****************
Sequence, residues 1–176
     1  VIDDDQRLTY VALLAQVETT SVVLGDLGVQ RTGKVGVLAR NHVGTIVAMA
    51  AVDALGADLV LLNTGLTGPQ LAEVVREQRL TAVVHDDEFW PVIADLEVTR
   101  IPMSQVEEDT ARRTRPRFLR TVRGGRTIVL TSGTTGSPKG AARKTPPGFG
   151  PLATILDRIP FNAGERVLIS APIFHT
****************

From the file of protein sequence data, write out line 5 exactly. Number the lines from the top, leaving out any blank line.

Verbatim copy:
   151  PLATILDRIP FNAGERVLIS APIFHT